At just 16 years of age Narrandera’s Xavier Beauchamp is a young talented up-and-coming professional rap artist from the Western Riverina who goes by Beacho2700 and whose original tracks are available through Spotify, Apple Music, Instagram, Youtube and Sound Cloud.
Beacho2700 is a combination of Xavier Beauchamp’s nickname and the postcode for Narrandera NSW where he comes from. He works hard to carve out his own future in the music industry and said he was drawn to music and songwriting from an early age:
He said as a child he decided for himself that he would change his future.
“It came to one point where I decided, and I was good at music, so I took that opportunity.” He says one day he was in a recording studio at Tirkandi Inaburra Cultural and Development Centre in Coleambally.
It was only a couple of months later that he officially released ‘Make It Out’ with fellow rapper Jacky Sergi.
He says what draws him to it is the lifestyle, the stories, and how they live – he feels a cultural connection.
Xavier says that arts organisations in rural areas play a big role if someone wants to grow their career in the arts.
He said he has received a lot of support from cultural organisations who work in regional areas, like Western Riverina Arts and the team from Heaps Decent who are based in Sydney but do outreach programs across NSW. Xavier is also a regular collaborator with Narrandera-based The Cad Factory.
“In 2021 we did a presentation show called ‘Wirramarri: Long Way From Home’. It was about the fish up at Menindee that started passing away from the big drought we had. We worked on them with that”. Xavier was part of the Wiradjuri dance performance which it brought the whole Narrandera community together at Koori Beach. Part of the night was a moment when the fish larva that came from rescued fish from the Menindee Lakes were set free into the Marrambidya Bila (Murrumbidgee River) and participants ended up dancing in the river”.
This proved to be a historic and significant event both culturally and environmentally. The evening’s performance was created through a partnership between the Wiradjuri Elders, Barkindji Elders, Clontarf Academy at Narrandera High School, the Narrandera Fisheries Centre and The Cad Factory.
Xavier said his musical journey extended from there and he won a recording session with Western Riverina Arts and The Cad Factory.
“That’s when I was doing a lot of country music so I started working with The Cad Factory doing a lot of singing”.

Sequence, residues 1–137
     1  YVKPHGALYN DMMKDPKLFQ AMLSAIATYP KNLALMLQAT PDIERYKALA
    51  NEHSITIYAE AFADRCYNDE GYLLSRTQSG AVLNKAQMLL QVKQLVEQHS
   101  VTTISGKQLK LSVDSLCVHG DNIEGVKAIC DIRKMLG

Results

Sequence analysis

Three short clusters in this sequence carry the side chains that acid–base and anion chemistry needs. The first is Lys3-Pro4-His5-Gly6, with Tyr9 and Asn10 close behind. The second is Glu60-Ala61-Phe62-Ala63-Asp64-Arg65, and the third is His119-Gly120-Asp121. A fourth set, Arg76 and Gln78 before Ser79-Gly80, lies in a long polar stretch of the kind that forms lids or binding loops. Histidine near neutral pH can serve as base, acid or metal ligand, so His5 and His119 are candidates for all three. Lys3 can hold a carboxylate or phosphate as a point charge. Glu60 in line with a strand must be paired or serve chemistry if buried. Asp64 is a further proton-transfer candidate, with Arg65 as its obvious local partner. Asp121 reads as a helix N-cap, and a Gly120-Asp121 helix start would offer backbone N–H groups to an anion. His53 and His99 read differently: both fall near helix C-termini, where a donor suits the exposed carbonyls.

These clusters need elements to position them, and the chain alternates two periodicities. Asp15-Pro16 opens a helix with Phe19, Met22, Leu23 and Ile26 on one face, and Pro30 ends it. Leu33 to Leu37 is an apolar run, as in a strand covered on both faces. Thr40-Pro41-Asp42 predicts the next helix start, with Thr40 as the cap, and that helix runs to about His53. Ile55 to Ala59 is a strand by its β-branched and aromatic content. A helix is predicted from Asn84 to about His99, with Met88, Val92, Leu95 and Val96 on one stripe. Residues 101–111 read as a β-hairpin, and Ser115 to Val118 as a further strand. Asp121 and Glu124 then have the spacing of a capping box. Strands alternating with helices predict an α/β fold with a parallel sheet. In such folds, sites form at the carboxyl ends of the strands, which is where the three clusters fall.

In 2022 he worked with them on his song ‘Struggles’, “that was about things that happened in the past and how to go into the future.
“I made all the parts of the beat and the vocals and worked with Vic McEwan, so shout out to Vic and Sarah McEwan at The Cad Factory. Sarah McEwan, a Creative Producer and Founder of The Cad Factory, said Xavier was an amazing young person dedicated to his practice and had so much to share through his music and performing.
The Cad Factory has worked with him on different projects over the years and said it’s been great to witness his creative growth.
Xavier also received an opportunity to attend the 2022 SongMakers regional outreach workshops in Leeton that run a mentorship program for Next-Gen Hitmakers in Australian schools. Here he got to collaborate with other young artists on original material.
Xavier described how important his Wiradjuri Culture is to his art:
“It’s everything, it’s good being On Country, learning everything… NDA (a local term for Narrandera) it means everything to me…all the local kids all know me. It’s the place we rap about. It’s where we come from, being on Wiradjuri Land, I pay respect to the Elders, where we are doing stuff On Country, they are the ones before us.”
He says that the most important song that he has written and the one that means the most to him was ‘Cultural Proud’.
“It’s about Aboriginal culture and all the things that have happened over the years, like back into the past coming into the future, and what’s getting changed.”
Important figures for him include Narrandera Aboriginal Elder Uncle Michael Lyons. Fundamental to Xavier’s musical career is the support of his family and community:
“I really look up to my mother and all the things she’s done for me” and he stresses that it’s important for him to support his family and that his music is connected to his family’s story.
He respects this with regular visits to the cemetery to honour his two Nans who have passed away. Xavier also performs with singer songwriter Damian Thorne:
“Dookie” from Griffith and NDA, who was the one that got him into Tirkandi to learn about his culture and the one who gave him his first professional gig.
Narrandera Clontarf Academy supports Xavier’s creative achievements in his education. Neville Bamblett from Clontarf said:
“Every day Xavier would practise guitar and sing at recess and lunchtimes. He would always perform at our award nights and is very confident doing so.
This year Xavier has won our Academy Member of the Year 2022. This is because he has worked hard at everything… he is always happy to help out wherever he can and carries Clontarf Values with him every day.
Xavier is very proud of his culture and is a great role model for our Aboriginal people and community. The love he has for song and dance is incredible.”
Beacho2700 has been offered major opportunities to perform alongside nationally recognised artists. Burrundi Theatre of Performing Arts has confirmed him for the line-up of the Warangesda Festival where he joins Philly, Dizzy Doolan and others on Friday and Saturday February 17-18 2023.
Xavier’s other talents include painting and making and playing didgeridoos.
This article appeared in the Narrandera Argus, 24 November 2022.